The reference track specifies the genre, and outlines the specifics of the song such as the music characteristics and sonic qualities that will become the producer’s development plan for the particular production. If you do not have a reference track as starting point, a plan for your production as such, how does you producer know what the song should sound like overall? What mood should the song should evoke? What shape should the song should take? What musical qualities should be included? If you do not have such a plan, how does the producer know what instruments should be included? And if known, how does the producer know what the various instruments are required to sound? If you do not start with a reference track, how do you know what sonic qualities you as the producer will aim for in the production?
What are the elements of a reference track from a critical listening perspective?
A ‘reference’ track is essentially a building plan, an architectural plan for your song, outlining the genre, and what musical and sonic qualities are most desired.
The genre will generally indicate a number of characteristics such as mood (happy, sad, reflective, anger); message (everyday life, relationship, political, spiritual); perspective (1st person, 3rd person narrative, 2nd person conversation, no lyric); likely instrumentation; likely musical structure; likely sonic qualities (hi-fi, lo-fi); social and cultural characteristics (era, target market demographic, cultural significance, para-musical intentions, aesthetic in context).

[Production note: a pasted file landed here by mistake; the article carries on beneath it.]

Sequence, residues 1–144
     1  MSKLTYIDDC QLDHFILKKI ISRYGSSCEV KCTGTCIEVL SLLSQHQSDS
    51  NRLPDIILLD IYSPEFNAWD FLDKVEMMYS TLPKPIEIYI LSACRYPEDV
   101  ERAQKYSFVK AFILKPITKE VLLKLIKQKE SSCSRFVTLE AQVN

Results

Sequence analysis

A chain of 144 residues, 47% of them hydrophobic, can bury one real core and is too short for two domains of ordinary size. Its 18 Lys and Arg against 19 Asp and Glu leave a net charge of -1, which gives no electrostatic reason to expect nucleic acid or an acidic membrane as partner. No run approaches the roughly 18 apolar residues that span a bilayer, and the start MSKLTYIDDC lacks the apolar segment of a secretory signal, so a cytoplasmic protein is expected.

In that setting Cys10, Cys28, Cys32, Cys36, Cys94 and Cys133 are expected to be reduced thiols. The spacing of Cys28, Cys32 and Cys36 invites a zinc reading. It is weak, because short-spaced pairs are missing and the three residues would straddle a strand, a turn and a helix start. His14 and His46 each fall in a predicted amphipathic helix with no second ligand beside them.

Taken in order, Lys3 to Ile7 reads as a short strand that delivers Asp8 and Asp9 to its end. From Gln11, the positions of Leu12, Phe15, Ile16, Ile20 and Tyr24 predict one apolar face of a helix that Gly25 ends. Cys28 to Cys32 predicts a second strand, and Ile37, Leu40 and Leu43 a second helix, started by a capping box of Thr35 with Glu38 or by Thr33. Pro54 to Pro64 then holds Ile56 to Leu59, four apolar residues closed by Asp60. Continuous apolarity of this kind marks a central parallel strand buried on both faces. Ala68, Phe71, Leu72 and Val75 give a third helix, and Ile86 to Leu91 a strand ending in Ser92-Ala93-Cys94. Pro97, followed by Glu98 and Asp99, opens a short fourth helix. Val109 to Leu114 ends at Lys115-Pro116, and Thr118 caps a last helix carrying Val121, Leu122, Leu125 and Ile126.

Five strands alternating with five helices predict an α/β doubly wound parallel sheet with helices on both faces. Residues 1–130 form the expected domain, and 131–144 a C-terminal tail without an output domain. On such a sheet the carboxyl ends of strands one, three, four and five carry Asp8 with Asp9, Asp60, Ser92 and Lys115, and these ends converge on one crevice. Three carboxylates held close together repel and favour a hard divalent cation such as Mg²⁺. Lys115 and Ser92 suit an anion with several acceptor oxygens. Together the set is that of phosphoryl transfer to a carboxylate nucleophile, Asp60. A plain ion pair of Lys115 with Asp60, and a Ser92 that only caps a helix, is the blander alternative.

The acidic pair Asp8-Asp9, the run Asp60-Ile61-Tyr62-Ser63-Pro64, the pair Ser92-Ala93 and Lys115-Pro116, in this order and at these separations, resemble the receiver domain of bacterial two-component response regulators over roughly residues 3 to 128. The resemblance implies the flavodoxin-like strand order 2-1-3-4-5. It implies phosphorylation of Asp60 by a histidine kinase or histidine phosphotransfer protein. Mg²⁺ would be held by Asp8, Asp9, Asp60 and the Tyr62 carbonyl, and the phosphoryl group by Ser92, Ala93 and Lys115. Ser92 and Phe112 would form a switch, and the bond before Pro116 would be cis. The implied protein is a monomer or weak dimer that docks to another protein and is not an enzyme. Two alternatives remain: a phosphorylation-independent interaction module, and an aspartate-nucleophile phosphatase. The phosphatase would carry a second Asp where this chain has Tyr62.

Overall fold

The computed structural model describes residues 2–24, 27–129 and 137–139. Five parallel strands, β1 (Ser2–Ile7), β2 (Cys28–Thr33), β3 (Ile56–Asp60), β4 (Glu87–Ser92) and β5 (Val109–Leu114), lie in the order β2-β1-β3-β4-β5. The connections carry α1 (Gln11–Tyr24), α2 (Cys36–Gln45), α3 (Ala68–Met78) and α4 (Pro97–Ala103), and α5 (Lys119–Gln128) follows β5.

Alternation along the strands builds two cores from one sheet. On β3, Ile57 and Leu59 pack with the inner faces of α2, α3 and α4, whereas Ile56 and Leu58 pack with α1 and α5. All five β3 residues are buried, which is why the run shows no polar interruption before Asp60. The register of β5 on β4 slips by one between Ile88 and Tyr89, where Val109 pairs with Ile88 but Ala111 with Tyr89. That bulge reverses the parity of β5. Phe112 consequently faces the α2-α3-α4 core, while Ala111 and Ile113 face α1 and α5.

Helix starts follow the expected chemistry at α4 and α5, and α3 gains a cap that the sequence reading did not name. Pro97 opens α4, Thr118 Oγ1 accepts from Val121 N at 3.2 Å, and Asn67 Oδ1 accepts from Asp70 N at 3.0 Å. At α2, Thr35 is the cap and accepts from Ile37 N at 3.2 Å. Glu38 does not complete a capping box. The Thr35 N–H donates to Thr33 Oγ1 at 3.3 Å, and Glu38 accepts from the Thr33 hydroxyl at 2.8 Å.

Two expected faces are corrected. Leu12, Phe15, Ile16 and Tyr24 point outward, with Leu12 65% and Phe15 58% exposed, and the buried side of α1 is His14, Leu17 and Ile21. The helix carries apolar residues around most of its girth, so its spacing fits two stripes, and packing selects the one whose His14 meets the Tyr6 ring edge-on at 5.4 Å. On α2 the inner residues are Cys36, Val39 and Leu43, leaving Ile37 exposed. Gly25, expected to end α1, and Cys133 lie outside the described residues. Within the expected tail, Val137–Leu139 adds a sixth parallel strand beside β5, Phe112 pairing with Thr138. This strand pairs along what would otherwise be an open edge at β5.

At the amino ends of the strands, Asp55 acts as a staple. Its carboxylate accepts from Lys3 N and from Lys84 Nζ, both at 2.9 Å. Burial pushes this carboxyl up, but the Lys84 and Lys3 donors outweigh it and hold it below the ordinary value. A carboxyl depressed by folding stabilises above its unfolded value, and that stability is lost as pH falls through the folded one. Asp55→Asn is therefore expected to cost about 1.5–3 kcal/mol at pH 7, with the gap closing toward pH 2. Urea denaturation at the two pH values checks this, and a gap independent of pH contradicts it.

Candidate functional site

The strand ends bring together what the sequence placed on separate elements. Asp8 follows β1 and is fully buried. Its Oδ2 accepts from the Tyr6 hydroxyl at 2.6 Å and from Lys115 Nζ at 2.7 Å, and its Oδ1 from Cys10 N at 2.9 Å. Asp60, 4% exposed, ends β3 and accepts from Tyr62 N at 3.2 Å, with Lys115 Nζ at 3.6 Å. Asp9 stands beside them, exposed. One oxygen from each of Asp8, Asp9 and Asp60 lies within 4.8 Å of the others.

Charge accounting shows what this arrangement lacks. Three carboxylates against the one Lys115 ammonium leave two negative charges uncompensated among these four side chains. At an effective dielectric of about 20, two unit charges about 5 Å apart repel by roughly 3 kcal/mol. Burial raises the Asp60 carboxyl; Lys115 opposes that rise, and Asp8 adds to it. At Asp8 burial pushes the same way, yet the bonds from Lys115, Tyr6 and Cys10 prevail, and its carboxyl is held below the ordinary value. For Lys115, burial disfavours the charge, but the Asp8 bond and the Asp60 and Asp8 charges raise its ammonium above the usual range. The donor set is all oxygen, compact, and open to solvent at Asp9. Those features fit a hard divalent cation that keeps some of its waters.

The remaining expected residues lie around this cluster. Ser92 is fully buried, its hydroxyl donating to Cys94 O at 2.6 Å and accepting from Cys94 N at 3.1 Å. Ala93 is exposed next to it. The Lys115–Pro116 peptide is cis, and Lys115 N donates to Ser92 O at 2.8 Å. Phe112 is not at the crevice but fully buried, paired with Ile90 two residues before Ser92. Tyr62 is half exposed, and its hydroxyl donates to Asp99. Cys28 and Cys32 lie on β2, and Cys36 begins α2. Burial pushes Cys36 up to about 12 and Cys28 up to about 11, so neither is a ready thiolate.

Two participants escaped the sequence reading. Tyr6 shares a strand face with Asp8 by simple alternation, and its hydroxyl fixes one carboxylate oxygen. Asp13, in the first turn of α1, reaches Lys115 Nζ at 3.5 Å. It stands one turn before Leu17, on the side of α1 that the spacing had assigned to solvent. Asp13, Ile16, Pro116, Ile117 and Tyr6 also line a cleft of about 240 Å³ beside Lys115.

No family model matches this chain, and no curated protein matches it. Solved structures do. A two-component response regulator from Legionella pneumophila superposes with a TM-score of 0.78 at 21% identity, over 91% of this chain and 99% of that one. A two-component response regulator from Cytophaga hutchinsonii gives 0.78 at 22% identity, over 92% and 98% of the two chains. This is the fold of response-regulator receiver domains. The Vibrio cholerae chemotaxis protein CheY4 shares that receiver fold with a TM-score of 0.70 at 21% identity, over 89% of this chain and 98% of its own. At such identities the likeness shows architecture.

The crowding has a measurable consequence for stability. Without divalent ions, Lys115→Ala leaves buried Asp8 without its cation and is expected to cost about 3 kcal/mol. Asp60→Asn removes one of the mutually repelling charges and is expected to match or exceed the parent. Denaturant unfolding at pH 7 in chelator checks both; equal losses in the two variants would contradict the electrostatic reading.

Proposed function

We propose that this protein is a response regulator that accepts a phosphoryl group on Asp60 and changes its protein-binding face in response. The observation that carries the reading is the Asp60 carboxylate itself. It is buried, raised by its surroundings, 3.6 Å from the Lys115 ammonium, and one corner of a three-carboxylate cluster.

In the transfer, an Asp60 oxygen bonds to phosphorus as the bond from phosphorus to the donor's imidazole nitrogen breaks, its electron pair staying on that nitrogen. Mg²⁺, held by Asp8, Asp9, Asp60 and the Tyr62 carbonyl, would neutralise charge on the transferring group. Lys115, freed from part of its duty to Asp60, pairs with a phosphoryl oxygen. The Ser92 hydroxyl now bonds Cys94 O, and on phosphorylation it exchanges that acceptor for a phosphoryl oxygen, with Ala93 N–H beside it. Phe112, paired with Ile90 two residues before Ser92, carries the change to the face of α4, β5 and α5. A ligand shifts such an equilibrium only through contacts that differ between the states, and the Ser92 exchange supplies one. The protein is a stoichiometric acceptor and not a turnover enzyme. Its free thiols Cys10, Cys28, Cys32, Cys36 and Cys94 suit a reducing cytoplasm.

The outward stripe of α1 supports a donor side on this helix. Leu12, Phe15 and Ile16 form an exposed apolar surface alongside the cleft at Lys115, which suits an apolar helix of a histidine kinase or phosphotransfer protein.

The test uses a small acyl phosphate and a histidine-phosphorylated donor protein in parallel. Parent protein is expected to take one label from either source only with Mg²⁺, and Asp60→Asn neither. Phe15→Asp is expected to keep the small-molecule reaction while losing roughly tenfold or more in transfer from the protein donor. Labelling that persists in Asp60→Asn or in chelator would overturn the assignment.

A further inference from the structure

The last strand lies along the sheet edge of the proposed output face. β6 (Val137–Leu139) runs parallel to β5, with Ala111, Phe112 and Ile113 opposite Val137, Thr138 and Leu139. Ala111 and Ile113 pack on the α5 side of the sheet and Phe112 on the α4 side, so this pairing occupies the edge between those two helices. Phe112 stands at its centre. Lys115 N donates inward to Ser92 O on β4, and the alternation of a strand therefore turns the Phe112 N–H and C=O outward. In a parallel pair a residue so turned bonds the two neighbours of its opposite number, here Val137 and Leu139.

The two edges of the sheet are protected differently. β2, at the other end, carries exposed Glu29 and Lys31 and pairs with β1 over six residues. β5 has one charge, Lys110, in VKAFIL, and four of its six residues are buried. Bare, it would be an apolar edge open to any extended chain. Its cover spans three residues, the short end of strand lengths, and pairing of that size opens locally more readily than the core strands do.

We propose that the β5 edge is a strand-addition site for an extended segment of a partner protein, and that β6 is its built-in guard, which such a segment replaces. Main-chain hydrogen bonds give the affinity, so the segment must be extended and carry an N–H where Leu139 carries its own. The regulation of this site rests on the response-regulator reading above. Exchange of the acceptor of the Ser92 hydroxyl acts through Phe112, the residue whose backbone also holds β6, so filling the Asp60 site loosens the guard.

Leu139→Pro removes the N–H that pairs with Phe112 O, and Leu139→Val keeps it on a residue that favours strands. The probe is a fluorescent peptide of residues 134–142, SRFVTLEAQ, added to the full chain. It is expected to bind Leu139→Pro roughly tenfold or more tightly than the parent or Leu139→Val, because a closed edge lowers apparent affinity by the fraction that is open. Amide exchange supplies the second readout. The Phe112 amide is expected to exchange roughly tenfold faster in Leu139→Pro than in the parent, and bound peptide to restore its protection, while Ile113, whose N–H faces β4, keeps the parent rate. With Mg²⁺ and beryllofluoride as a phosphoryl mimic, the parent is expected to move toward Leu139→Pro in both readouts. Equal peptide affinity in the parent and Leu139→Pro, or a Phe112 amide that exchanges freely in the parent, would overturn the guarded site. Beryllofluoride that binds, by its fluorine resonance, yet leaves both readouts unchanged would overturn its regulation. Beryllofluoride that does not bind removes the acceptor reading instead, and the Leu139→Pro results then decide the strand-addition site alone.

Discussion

The musical characteristics include such as musical form; rhythm (tempo, time signature,stress, contra rhythms); harmony (key, harmonic progression, contra harmonies); melody (melodic curve, contra melodies); improvisation; instrumentation; timbre (colour of instruments used); arrangement; elements of interest (form, rhythmic, harmonic, melodic, improvisational,instrumentation or arrangement hooks) .
The sonic qualities of amplitude, timbre, stereo image, spectral, dynamics and time-domain.
Resources to analyse a reference track?
Analysing a reference track is an exercise in Critical Listening. As mentioned, it will take time, practice and considerable dedication to learn to listen for the nuances of the cultural production – the genre, musical and the sonic qualities to a level of mastery.
Audio engineering is a craft and art that relies not only the auditory, but also on visual cues as well. Visual cues such as meters, spectrometers and vector scopes have traditionally all assisted the audio engineer to confirm what they are hearing with their ears. In today’s world of virtual digital technology, not only can we access a large range of meters and graphic scopes, but we can also rely on the additional visual cues of the tape (ie digital wave form in each track), and the virtual stave documents that can be generated from within the DAW. All of these tools can assist the aspiring engineer in the development of their critical listening skills.
Self-learning task: schedule a critical listening period into your schedule over this coming weekend. Ensure you ears are going to be fresh, you will not be disturbed, and in a conducive listening environment with quality listening monitors. Choose a familiar song, and listen for clues regarding the genre, musical and the sonic qualities to a level that you have not practiced previously. Note down your findings. Repeat the exercise several days later, and not down your additional findings following the second critical listening session.
I have provided an example of such a critical listening task in my blog Critical listening Part 2b [March 2015].
With over 20 years experience in the arts & post-compulsory education, David has lived, studied and worked Internationally including Japan, India, Fiji, the US and NZ.
David has extensive interests as per the extensive blogs hosted on his site (see below).
Additionally, David has published in both lay texts and academic (peer-review) publications.